March 03, 2010
IGN is reporting that Six Days in Fallujah, the first game to focus directly on the war in Iraq, is finished and ready for release. The controversial title by developer Atomic Games was announced by Konami last April and cancelled three weeks later following criticism from a variety of groups and organizations. Atomic Games is a division of Destineer Games which, among other things, makes training tools for the US military.
Atomic doesn't say so directly, but it appears they're looking for a publisher willing to step up and publish the game. I say it's time for a publisher to do just that. It's time for someone with vision, conviction, and cash to unequivocally lay claim to creative autonomy and freedom of expression as fundamental imperatives for games. It's time for a publisher to publicly assert, with money as its marker, that games can resonate culturally only if they're free to explore unexamined ideas and challenge our comfort zones.
Plenty of people have argued on behalf of Six Days in Fallujah, citing a double standard separating games from film and television. Why, they say, should games be prevented from going where films like Battle for Haditha or The Hurt Locker have gone?
This is a useful observation, but it relies on the increasingly threadbare argument that games deserve to occupy the same culturally respectable space as other media. Claiming it doesn't make it true. It will never be widely seen as true until games finally elbow their way to a place at the table. No one is holding that place for us. No invitation is forthcoming. You gain your place at the table by forcing your way in and then making yourself essential to the conversation that ensues. We aren't there yet because we haven't demanded to be there.
Six Days in Fallujah is that elbow to ribs. I don't know if it's a good or a bad game. I haven't played it. What I know is that the developer interviewed 70 people with intimate experience in Iraq, including returning Marines, Iraqi civilians, enemy insurgents, war historians, and senior military officials. I know they hope to convey through the player's experience an emotional and psychological arc that reflects something truthful about what happened in that battle.
The game may or may not deliver on its ambitions, but success or failure are beside the point in this case. Konami didn't cancel the game because it fell short of its design goals. Six Days in Fallujah was canceled because Konami decided it had more to lose than gain by publishing it. It bowed to pressure from people who made (mostly) baseless or uninformed claims about the game.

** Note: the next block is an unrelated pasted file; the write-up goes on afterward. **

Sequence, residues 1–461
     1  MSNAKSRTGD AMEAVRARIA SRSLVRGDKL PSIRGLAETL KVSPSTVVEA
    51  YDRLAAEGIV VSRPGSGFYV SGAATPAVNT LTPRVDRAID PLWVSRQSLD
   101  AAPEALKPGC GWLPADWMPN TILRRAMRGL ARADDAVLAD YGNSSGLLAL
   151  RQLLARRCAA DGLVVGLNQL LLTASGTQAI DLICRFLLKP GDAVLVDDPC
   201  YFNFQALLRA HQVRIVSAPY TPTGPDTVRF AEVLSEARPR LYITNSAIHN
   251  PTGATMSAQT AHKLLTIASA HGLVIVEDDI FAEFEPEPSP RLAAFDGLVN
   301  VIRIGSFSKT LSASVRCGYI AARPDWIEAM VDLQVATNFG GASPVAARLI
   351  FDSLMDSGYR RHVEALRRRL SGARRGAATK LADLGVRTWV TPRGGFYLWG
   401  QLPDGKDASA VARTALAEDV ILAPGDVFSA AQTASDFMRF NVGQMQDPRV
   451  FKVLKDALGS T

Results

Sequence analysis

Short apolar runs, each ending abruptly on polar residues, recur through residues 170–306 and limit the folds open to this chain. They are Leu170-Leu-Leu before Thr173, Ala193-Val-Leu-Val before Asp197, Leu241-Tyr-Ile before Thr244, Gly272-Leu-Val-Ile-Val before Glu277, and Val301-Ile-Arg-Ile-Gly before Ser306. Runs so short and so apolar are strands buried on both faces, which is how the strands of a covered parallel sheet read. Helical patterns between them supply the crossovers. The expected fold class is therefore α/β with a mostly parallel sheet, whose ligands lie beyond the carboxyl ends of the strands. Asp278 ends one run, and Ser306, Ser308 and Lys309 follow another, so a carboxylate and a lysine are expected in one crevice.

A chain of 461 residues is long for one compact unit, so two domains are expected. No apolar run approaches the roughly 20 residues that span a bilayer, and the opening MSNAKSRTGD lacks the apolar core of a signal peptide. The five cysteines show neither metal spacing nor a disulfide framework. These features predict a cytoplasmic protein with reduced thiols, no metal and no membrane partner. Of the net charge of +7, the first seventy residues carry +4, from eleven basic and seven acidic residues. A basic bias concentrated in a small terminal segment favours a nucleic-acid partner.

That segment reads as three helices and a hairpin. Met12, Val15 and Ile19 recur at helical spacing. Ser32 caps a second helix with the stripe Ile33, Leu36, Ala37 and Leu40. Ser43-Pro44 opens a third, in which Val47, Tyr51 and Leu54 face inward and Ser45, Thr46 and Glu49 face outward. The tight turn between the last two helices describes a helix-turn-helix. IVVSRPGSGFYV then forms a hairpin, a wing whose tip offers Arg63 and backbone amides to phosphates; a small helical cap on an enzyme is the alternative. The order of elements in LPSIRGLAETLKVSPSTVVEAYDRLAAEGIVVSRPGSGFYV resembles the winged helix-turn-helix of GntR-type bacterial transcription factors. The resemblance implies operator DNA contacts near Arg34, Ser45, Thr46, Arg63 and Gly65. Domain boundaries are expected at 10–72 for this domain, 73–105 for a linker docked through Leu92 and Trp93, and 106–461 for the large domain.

Several phrases recur throughout the criticisms leveled at Six Days in Fallujah - a game, by the way, that not a single critic has played. The most common among these are: "exploiting," "trivializing," "glorifying," and "too soon."
I don't mean to diminish or overlook the suffering that many of the game's detractors have experienced. I understand their objections stem from real, heartfelt concerns. But these are the very places artists must go. There is no safe way to explore these painful issues. In fact, the safe way is the surest way to oversimplification; the surest way to telling lies.
The fact that I charge an audience money to see the art I create doesn't mean I'm "capitalizing" on a painful event that caused great suffering. What fuels an artist's fire may also be the cause of human conflict or desperation. The artist is drawn to these places. He has no choice. His freedom to explore the world using the tools of his art must be assiduously protected, encouraged, and, yes, even funded.
The charge that Six Days in Fallujah trivializes or glorifies horrific events will surprise no one. It stems from an assumption that games lack the capacity for any other response to violence. Games have done little to challenge that assumption, and no amount of blog posts or GDC roundtables will convince anyone otherwise.
Six Days in Fallujah is an opportunity to begin tearing down that wall. If we believe games can be, or do, or say more, then we must produce those games and push through the inevitable resistance to them. If Six Days fails, we learn what can be learned from that failure, and we build the next game better.
What's needed now is an enlightened publisher willing to facilitate that process, clearly articulate the stakes, and take the inevitable heat. Maybe it also means losing money. I don't know if such a publisher exists, but for the sake of dangerous games, I hope so.